So no Derry turns, steep turns, half Cuban or other recognised aerobatic method to turn back towards the display line, just a turn at less than 89 degrees of bank, which uses a lot of sky in a high speed warbird. The weather was a challenge and the display line hard but again we got it done and the show was a big success but for me personally fun, hmmm far less than in past years if I am honest. Is there a pattern building here, one of the fun being squeezed out of our weekends?
...
Fly safe
Peter

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I read that on his Facebook post last night.

I've seen Peter's displays and they were safe and competent. It seems to me that the new mindset and attitude is possibly more harmful than good. Fundamentally, it seems to me that the display pilots need to concentrate on flying the aircraft properly within its limits and making good decisions based on manoeuver entry gate criteria rather than conducting a precision navigation exercise in front of a crowd, whilst trying to entertain them too.

It's not unlike the road-going reduce-speed mantra, where it's accepted that people are simply going to crash and the effort is on minimising damage when that happens. Display flying now seems to treat crashes as inevitable and the primary focus has shifted on to ensuring that when they crash, it cannot possibly be on another human being. Perhaps the attitudes of some pilots and flight directors was too blasé, but this seems to be a grim place.

I'm going to Flying Legends next weekend. I've heard the American display at Duxford was crap. I've got a suspicion that Legends will be also. It sounds like things either need to become less tense, or organisers and attendees will simply decide not to bother and many of the aircraft will be sold overseas due to lack of interest here. Nobody wants to pay money to watch a dot moving around 1.2~2km away. It's slow, it's quiet, it's dull.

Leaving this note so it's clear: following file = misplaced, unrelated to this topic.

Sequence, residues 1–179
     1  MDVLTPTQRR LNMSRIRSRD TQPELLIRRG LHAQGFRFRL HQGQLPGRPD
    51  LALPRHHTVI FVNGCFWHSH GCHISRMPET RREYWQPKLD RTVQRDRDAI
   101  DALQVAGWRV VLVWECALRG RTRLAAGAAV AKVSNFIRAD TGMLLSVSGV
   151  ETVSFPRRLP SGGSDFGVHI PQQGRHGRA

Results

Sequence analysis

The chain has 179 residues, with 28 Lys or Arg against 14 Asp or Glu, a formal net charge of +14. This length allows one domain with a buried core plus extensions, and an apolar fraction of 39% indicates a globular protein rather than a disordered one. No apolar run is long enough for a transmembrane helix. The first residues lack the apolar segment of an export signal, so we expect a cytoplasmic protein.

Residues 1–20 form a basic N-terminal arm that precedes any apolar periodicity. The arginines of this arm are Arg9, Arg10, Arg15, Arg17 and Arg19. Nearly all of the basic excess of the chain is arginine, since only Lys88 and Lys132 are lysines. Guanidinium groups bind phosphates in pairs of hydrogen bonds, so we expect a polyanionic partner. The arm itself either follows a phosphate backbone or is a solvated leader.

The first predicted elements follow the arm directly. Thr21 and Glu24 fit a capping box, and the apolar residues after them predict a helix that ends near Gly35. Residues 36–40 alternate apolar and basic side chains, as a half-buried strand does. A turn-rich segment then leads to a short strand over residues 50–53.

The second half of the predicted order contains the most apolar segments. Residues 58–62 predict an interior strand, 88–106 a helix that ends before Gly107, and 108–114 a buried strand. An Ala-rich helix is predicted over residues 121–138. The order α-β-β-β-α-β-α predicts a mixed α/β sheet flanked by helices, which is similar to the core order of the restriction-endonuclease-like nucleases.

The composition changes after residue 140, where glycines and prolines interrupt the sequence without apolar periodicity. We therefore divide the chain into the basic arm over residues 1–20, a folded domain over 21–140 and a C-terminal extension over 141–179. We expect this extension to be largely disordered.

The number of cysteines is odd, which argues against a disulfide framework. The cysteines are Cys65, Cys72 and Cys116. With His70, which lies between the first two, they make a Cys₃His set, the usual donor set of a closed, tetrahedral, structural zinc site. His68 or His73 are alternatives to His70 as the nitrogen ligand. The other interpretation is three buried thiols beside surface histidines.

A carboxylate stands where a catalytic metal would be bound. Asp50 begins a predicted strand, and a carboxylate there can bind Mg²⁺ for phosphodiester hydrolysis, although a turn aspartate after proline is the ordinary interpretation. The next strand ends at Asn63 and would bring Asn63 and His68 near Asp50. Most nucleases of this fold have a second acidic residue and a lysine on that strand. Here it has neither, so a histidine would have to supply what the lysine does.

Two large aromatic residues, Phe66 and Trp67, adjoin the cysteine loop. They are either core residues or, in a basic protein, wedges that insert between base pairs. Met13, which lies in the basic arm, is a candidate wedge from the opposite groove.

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Sobering reading:

 

file:///C:/Users/user/Downloads/UK%20Classic%20Jets%20AEROPLANE%20July%202017%20pp8%20(1).pdf

Edited by T7 Models

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13 minutes ago, T7 Models said:

Sobering reading:

 

file:///C:/Users/user/Downloads/UK%20Classic%20Jets%20AEROPLANE%20July%202017%20pp8%20(1).pdf

Can't open that??

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@T7 Models You've linked to the file on your own pc so it can't be viewed (without resorting to a bit of hacking😈). Could you please link to the file on the web? 

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1 hour ago, T7 Models said:

Oops.

 

Can't seem to put the link up properly, but if you go here:

 

http://www.pprune.org/military-aviation/595186-sea-vixen-4.html

 

and scroll down to post no.70, there is a link there.

That only helps if you are a member of PPrune.